The Impacts and Costs of Climate Change Page: 29
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The Impacts and Costs of Climate Change
The probability characteristics of the marginal costs of carbon dioxide emissions
$/tC ($1995) Mode Mean 5% 10% Median 90% 95%
Base 1.5 93 -10 -2 14 165 350
Author-weights 1.5 129 -11 -2 16 220 635
Peer-reviewed only 5.0 50 -9 -2 14 125 245
No equity weights 1.5 90 -8 -2 10 119 300
Equity weights -0.5 101 -20 -2 54 250 395
PRTP=3% only 1.5 16 -6 -2 7 35 62
PRTP= 1% only 4.7 51 -14 -2 33 125 165
PRTP< 0% only 6.9 261 -24 -2 39 755 1610
The analysis combined the studies to form a probability density function. This has shown that
uncertainty is strongly right-skewed. If all studies are combined, the median $14/tC (1995 values), the
mean $93/tC, and the 95 percentile $350/tC. This is approximately equal to a median of Euro 4/tCO2,
a mean of Euro 25/tCO2, and a 95 percentile of Euro 96/tCO2. For this review, we consider the mean
is the appropriate estimator of central tendency; given the right-skewed distribution the mode and the
median will both be biased towards low valuations. Using the weights favoured by authors, the mean
is $129/tC and the 95 percentile $635/tC33 . Studies with a lower discount rate had higher estimates
and much greater range. Similarly, studies that use equity weighting have higher estimates and a larger
range. Studies that are peer-reviewed have lower estimates and smaller uncertainty ranges. The
highest estimates are in the grey literature. In his paper, Tol concluded that the marginal damage costs
of carbon dioxide emissions are unlikely to exceed $50/tC (14 Euro/tCO2), and are probably much
The trend in the data is towards lower values over time, as shown in the figure above. The reason for
the drop in the estimated values over the past decade is because of more recent climate scenarios,
consideration of explicit socio-economic reference scenarios (generally of wealthier futures), inclusion
of benefits as well as impacts, and notably due to autonomous adaptation (which allows economic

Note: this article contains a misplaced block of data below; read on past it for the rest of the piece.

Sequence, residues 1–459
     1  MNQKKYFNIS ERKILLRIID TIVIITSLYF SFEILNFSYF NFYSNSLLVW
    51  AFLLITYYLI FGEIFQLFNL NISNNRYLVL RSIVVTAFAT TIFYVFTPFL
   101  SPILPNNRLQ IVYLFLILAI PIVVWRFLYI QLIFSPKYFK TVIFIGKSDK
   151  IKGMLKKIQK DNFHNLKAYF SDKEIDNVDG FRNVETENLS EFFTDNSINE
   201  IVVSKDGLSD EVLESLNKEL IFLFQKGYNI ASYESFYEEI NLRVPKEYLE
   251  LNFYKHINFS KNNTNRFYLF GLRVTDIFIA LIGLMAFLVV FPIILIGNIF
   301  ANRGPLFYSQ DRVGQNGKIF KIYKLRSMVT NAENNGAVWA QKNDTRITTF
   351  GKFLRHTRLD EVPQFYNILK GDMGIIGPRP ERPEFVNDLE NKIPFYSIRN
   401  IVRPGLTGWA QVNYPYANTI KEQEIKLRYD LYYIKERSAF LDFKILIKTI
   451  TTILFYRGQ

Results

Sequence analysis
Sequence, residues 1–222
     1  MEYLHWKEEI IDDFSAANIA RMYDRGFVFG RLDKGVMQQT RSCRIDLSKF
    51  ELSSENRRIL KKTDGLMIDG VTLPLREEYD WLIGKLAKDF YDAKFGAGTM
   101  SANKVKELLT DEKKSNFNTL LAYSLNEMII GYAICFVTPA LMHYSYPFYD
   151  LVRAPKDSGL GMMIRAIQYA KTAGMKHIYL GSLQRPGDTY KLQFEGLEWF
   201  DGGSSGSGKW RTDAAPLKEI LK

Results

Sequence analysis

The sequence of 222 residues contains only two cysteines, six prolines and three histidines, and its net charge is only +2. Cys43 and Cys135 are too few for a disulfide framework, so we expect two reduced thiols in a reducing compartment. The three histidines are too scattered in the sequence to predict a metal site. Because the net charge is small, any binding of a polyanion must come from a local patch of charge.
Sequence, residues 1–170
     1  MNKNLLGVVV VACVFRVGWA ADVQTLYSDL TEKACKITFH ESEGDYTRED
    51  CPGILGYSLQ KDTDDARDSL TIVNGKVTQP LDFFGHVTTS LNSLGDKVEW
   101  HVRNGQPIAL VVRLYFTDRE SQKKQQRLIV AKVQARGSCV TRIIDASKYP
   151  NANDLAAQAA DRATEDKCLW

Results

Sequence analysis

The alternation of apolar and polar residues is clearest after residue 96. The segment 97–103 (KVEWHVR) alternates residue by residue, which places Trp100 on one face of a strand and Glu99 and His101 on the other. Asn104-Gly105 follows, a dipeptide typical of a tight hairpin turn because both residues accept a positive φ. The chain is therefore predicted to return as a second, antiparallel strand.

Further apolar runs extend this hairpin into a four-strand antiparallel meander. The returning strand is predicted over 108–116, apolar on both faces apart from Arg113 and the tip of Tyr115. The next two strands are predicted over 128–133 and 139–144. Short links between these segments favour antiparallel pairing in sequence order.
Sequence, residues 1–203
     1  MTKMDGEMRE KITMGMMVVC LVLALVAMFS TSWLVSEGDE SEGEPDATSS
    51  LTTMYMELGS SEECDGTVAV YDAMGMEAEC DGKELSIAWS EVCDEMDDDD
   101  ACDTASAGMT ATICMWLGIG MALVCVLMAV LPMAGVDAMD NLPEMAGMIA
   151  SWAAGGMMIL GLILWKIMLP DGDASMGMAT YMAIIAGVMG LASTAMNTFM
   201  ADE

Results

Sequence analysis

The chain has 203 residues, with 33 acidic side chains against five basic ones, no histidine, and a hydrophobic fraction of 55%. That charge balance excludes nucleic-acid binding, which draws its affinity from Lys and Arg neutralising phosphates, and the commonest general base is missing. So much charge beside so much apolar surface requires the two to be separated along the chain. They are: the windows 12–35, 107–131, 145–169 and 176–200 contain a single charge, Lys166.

costs to be off-set in anticipation of climate change). Based on this newer literature, some
commentators conclude that the social costs of climate change are low: with typical assumptions about
discounting and aggregation, the central estimate of the marginal damage cost of carbon dioxide
emissions may be lower than the marginal abatement costs for post-Kyoto scenarios (Euro 20/tCO2)
and possibly below the estimated marginal abatement cost to Europe of meeting Kyoto (Euro
12/tCO234). However, it should be noted that such trends may change in future analysis. Two
emerging findings are that climate sensitivity and likelihood of severe impacts increases at lower
temperature thresholds maybe higher than previously expected35.
Moreover, the studies do not cover all the impact categories described above, and most researchers
(and indeed the IPCC) consider the possibility of negative surprises are more likely than positive ones.
We have therefore assessed the coverage of the valuation studies to investigate the extent to which
they may under-estimate the "full" impacts of climate change.
33 The explanation of this increase is that some studies (Azar and Sterner, 1996; Tol, 1999) deliberately reproduce the low
estimates of Nordhaus (1994) and then argue that his assumptions are biased downwards.
34 The costs considered are from the European Climate Change Programme (ECCP 2001), which identified 42 possible
measures, which could lead to some 664-765 MtCO2 equivalent emissions reductions that could be achieved at a cost lower
than 20 /tonne CO2eq. This is about double the emissions reduction required for the EU in the first commitment period of the
Kyoto Protocol. They provide approximate costs for Kyoto and post Kyoto (e.g. 2020) scenarios of 12/tCO2 in 2010,
16/tCO2 in 2015 and 20/tCO2 in 2020.
35 See the Report of the Steering Committee from the International Symposium on the Stabilisation of Greenhouse Gases,
Hadley Centre, Met Office, Exeter UK, Feb 2005.
AEA Technology Environment, August 2005
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Watkiss, Paul; Downing, Tom; Handley, Claire & Butterfield, Ruth. The Impacts and Costs of Climate Change, text, September 2005; Oxford, England. (digital.library.unt.edu/ark:/67531/metadc29337/m1/40/: accessed July 21, 2017), University of North Texas Libraries, Digital Library, digital.library.unt.edu; .